Nine individuals, including a former Wisconsin warden, face charges following a probe into the deaths of inmates.

Nine individuals, including the former warden, have been charged in relation to the deaths of two inmates at a maximum-security prison in Wisconsin. One of the inmates was determined to be a victim of homicide. The prison has had a history of issues and controversies.

On Wednesday, law enforcement officials arrested a group of nine individuals, eight of whom are now facing charges of felony inmate abuse. One of the individuals arrested was Randall Hepp, the former warden of Waupun Correctional Institution located approximately 70 miles northwest of Milwaukee. Hepp has been charged with misconduct in public office.

Amid intense scrutiny over in-custody deaths that occurred between June 2023 and February 2024, and a federal investigation into a suspected smuggling conspiracy, Hepp retired from the state agency last week. On the same day, Dodge County Sheriff Dale Schmidt and other officials disclosed new information about the death investigations of Dean Hoffmann, 60; Tyshun Lemons, 30; Cameron Williams, 24; and Donald W. Maier, 62, leading to arrests.

Schmidt expressed his disapproval of the correctional system in the state. He highlighted the unfortunate incidents involving Williams and Maier, where staff only retrieved their bodies from their cells hours after their death. Additionally, Maier had to cope with having his water supply shut off in his cell periodically, which resulted in him missing meals. There were also instances where correctional staff failed to properly document cell checks, adding to the growing concerns about the state’s correctional system.

Prior to Wednesday, little information had been made available regarding the circumstances surrounding Maier’s death. It was only then that the public was informed of her cause and manner of death.

According to the Dodge County Medical Examiner, PJ Schoebel, the cause of Hoffmann’s death was suicide, while Lemons passed away due to an accidental fentanyl overdose. Williams, on the other hand, suffered from a rare stroke that led to their demise.

During a press conference, Schmidt expressed his outrage at the lack of concern for human safety shown in the investigations, stating that arrests have already been made and must continue. He emphasized the need for accountability among state employees for both their actions and inactions. As sheriff, Schmidt was deeply troubled by the mistreatment and subsequent deaths of these men.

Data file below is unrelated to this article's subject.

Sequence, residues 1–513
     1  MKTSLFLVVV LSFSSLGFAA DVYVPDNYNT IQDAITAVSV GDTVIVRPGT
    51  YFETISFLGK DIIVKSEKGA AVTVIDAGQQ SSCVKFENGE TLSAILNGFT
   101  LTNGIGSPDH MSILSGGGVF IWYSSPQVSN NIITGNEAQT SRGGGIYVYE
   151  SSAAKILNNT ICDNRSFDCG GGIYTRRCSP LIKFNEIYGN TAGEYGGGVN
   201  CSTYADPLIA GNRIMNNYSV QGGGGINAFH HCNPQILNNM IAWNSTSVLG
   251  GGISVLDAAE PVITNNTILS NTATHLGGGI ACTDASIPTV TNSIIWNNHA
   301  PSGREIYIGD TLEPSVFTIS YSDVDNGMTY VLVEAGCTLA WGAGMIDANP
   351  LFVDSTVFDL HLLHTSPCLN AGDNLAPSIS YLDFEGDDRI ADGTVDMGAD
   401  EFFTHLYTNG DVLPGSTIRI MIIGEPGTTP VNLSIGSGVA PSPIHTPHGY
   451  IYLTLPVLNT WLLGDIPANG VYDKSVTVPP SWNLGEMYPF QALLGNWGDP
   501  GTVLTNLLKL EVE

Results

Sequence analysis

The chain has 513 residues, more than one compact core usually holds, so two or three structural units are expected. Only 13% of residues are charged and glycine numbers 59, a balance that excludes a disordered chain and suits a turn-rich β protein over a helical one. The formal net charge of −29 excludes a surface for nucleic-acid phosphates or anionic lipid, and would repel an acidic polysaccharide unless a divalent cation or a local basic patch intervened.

Dodge County sheriff criticizes state Department of Corrections

Schmidt noted that the information presented during the briefing had left Secretary Carr visibly agitated, and rightfully so. However, instead of taking personal responsibility, he chose to shift the blame elsewhere. Schmidt emphasized the need for accountability from the top down, which was clearly lacking in this situation.

Schmidt remembered that Carr resigned from the agency three days after their conversation. “I don’t think it was a coincidence,” Schmidt said.

Last week, Schmidt engaged in a fruitful discussion with Jared Hoy, the recently-appointed Secretary of the Department of Corrections. According to a letter acquired by the Journal Sentinel, Hoy urged the sheriff to refrain from wrapping up the investigation.

Hoy wrote that the department’s internal investigation is still ongoing and will likely benefit from the information that will be shared today. This includes the final Medical Examiner’s reports on the cause of death for Cameron Williams and Donald Maier. The department has yet to receive these reports.

“I urge you to share the findings that you will present today with the department without any delay. It is essential that the information is disseminated as soon as possible.”

According to Hoy, internal investigations are ongoing and over 20 employees from the State Department of Corrections are currently under investigation. He further added that additional individuals may also be placed on administrative leave as the investigations progress.

Tension growing over conditions at Waupun Correctional Institution